“The Church of Notre Dame is due east from his dorm, and they have a grotto behind the altar,” McGarry wrote. “We were able to meet with Monsignor John Paddack, who is assisted at the parish by Father Michael Holleran.”

A June Instagram post by someone with the handle Lil_Psycho_Bunny read in part, “So Father Paddock [sic] of Church of Notre Dame spoke to me on the phone and is expecting me at mass today.”

‘All in the Past’

Last October, the Al Jazeera English documentary “In Bad Faith: Child Sex Abuse and the Catholic Church”, featured Paddack at the Notre Dame Rectory, where he insisted he was merely picking up mail. 

“It’s all in the past,” Dolan told Al Jazeera when asked about accusations against Paddack. ”It’s all being investigated — so drop it.”  

When the reporter pressed Dolan about the multiple accusations, the cardinal replied, “Are you going to hang a priest because of a press conference?” 

At Notre Dame on Wednesday, a congregant leaving the church told THE CITY that Paddack did not celebrate the noon Mass, but that she had seen him around. She declined to elaborate or provide her name. 

Another woman, who spoke in Spanish, said she had heard the rumors, but that she had no reason to believe them based on what she knew of the pastor. 

“I’ve never seen that side of him,” she said, translated by a companion.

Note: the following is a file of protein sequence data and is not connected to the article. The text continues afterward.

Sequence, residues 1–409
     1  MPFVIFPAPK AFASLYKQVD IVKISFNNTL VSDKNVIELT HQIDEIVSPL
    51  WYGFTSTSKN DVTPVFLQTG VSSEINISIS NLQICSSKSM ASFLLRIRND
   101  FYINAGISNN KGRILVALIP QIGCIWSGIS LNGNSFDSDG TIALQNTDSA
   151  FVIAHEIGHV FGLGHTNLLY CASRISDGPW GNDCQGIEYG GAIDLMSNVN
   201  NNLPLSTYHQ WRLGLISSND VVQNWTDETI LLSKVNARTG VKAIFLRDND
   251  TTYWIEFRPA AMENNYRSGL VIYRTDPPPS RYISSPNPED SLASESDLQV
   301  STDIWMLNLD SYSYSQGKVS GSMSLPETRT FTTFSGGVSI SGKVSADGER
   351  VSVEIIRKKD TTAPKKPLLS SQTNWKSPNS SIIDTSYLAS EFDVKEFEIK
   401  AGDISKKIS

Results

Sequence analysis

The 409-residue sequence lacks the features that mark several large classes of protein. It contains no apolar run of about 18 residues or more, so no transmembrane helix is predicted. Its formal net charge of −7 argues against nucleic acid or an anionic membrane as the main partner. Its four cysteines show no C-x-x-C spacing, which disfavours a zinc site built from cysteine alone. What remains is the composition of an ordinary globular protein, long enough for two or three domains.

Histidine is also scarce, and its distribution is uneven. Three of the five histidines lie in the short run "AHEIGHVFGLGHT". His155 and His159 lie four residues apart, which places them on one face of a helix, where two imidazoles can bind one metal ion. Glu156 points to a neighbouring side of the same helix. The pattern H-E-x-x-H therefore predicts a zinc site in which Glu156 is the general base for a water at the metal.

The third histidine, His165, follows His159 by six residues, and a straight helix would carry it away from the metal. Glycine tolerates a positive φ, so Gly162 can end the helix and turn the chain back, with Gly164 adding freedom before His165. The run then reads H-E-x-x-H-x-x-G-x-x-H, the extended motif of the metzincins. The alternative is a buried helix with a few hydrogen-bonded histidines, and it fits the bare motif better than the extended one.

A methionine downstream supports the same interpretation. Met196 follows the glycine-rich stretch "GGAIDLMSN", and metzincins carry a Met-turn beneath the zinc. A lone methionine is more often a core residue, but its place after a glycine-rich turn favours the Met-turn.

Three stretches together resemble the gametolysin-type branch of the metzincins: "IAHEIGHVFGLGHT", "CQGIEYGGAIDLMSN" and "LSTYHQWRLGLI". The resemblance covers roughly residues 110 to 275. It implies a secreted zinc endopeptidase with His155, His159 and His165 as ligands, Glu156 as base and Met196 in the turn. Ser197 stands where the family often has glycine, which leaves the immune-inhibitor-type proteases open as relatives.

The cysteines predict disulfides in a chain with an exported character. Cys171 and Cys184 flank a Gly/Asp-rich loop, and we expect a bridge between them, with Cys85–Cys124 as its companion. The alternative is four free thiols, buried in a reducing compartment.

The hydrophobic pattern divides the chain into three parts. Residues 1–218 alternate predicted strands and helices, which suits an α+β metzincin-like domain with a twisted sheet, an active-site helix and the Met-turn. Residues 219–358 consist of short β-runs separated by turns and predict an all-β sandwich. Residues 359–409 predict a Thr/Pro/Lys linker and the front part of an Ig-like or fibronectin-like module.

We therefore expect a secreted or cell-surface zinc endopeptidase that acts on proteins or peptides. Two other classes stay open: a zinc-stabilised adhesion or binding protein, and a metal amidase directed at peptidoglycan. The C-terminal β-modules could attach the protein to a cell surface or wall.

Maria Santos, 81, a member of the parish council and a parishioner for 30 years, defended Paddack as “so hard-working, so spiritual.” She said he “went away on retreat” this week.

“When this happen, he tell all the peoples — in English, French and Spanish — that he never do these things,” said Santos, an immigrant from Peru. “I respect him. I am close to him.”

Referring to Paddack’s accusers, she added, “Some say they are looking for money. I don’t know. I just know I would prefer him to stay as the pastor. Some people left, but many people feel the same.”  

The lawsuits naming Paddack as a perpetrator of sexual abuse fall under the Child Victims Act, a 2019 state law that lifted the statute of limitations — even for allegations that were decades old — for a filing period of one year originally ending on Aug. 14.

In May, the state Senate and Assembly voted to extend the deadline for an additional year, citing obstacles caused by the coronavirus pandemic, but Gov. Cuomo has not yet signed the bill. The governor had issued an executive order extending the deadline until Jan. 14.

The Church of Notre Dame in Morningside Heights, July 29, 2020. Credit: Peter Senzamici/THE CITY

One of Paddack’s accusers told THE CITY he was saddened but not surprised by either the news of additional lawsuits or by the priest’s ability to hold on to his pastorship.

“It’s like someone slaps you and then kicks you when you’re down,” said Joseph Caramanno, 35, a teacher who filed a Child Victims Act suit last summer, nearly two decades after he says he was repeatedly abused by Paddack while a student at St. Joseph by-the-Sea High School in Huguenot on Staten Island. 

Caramanno noted that when he met with the Archdiocese’ investigators before filing his suit, they said, “On behalf of His Eminence, we offer our apology.”

“Now it seems like just something they had to say because of protocol,” he said. “They’re trying to make this seem like all this stuff happened in the past and everything is fine, but it’s still happening.”